Marcos Steuernagel – But it seems that there is a certain period, following the opening process and the end of the dictatorship, in the 80s and early 90s, in which there was no more repression, but still it was hard to talk about political issues, because of an economic conjuncture, of neoliberal politics…
Sérgio de Carvalho – Well, repression exists where it is needed. What was strong in the 80s? A new international staging paradigm that was aestheticizing, visual, operistic. It was a non-verbal model exported by the theatre festivals that began to grow. It incorporated the poststructuralist discourse of the end of narratives. It was an extremely sensorial theatre poetics, deeply connected to perspective displacements, working with abstract landscapes, ruins of civilizations, in a relative liquidation of history. Therefore, that is what Brazilian directors began to mimic: the work of the great directors of oneiric landscapes. And they began to reject a theatre inscribed in reality, which becomes associated with the old political forms that had supposedly failed. The next step was to reject the idea of imitation itself, representational theatre, in the name of an emphasis on performance, on presence, that disguises in the cult of language the extremism of subjectivity. Those were the paradigms that were available. Coupled with this, there was a prejudice against the old national-popular project: “Let’s not do theatre about Brazil anymore, this idealism is over, for good or for worse.” Another issue is the growth during the 80s of theatre in the universities. Theatre is increasingly practiced in schools, and Brazilian universities also consume the postmodern theoretical paradigms. They start to discuss the same theory as New York or Paris, issues that not necessarily apply to us. A Brazilian theatre student knows Robert Wilson’s work as well as a student abroad, maybe even better than a North-American student. Nevertheless, he or she does not know Augusto Boal’s work, which was practically proscribed from Brazilian universities.
Marcos Steuernagel – Boal is a great example. He is known all around the world, but in Brazil it’s still hard… Especially in this moment, when he tried to return to Brazil and found no space, because…
Sérgio de Carvalho – …That’s the absurd situation I am trying to describe: you study post-dramatic theatre theory in Brazil, you study performance art theory, but you don’t study the work of people like Enrique Buenaventura from Colombia, nor Brazilians such as Vianinha and Augusto Boal. So the people doing political theory today in Brazil are going against a culture that does not produce its own theory. That is what forced the groups to organize as work collectives around a process of open learning. The return of collective creation in the 90s was spurred by an economic necessity—you needed to make theatre one way or the other. But it was also an awareness of the conceptual limits that where forced upon us. It’s not a surprise that the next step most of the young groups took was the critique of the commodification of cultural work. Therefore, the politicizing of group theatre in São Paulo happens as a consequence of, and out of a desire to overcome, extreme poverty, both practical and theoretical. And these are the very groups that will spearhead the advancements. The most important Brazilian theatre today, and I have no doubt of that, comes from groups that are able to critique the very conditions in which their production happens.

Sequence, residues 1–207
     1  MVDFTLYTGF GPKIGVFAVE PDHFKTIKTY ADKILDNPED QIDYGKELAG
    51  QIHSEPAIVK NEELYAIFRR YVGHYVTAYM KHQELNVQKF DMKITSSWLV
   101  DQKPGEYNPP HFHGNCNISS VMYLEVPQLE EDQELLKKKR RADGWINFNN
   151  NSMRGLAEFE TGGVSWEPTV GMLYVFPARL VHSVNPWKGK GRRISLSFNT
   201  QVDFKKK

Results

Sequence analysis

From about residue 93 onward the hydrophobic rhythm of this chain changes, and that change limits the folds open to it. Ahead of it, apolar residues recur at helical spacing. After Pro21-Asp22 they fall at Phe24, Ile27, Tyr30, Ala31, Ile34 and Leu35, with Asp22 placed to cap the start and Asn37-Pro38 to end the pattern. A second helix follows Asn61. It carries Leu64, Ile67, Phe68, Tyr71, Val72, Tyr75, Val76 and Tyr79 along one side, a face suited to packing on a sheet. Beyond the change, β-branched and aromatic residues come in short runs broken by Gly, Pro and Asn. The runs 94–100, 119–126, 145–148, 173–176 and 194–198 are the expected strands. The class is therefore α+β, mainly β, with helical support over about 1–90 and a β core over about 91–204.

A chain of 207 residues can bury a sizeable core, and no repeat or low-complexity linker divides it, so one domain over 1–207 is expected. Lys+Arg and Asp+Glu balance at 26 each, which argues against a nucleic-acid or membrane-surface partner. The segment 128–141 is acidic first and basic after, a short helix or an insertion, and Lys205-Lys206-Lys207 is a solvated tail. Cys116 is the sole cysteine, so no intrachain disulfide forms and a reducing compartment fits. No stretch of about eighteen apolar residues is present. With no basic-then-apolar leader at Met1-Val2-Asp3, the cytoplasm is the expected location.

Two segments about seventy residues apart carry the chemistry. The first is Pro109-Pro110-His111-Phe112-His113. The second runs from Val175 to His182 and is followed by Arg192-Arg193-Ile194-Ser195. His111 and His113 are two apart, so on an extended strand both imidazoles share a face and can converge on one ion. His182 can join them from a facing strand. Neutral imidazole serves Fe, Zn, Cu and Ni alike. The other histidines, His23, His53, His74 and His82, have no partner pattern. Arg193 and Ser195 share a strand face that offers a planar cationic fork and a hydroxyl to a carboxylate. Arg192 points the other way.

Marcos Steuernagel – And do you see this politicizing as a movement within Brazilian theatre today, or do you still see it as an exception?
Sérgio de Carvalho – This situation I am talking about is specific to São Paulo. I always say that this city is an advanced lab of international capitalism, where all sorts of experiments take place. Here capitalism announces its future form: demographic explosion bordering the unbearable, extremely violent work relations, extreme human degradation, in which dead-alive in the streets live side by side with an elite shielded by bullet proof cars and helicopters. The group theatre movement is paying attention to these processes, including the suppression of the historical dimension. That is why the groups began to organize themselves, but always haunted by the risk of initialization, which leads to a political step backwards, that becomes more eminent in an era of capitalist growth and of incorporation of the protests by the social-democrat program of the Lula government.
(Interview edited by Sérgio de Carvalho and Marcos Steuernagel, translated from Portuguese by Marcos Steuernagel. https://hemisphericinstitute.org/en/hidvl-additional-performances/item/1506-latao-int-scarvalho-2010)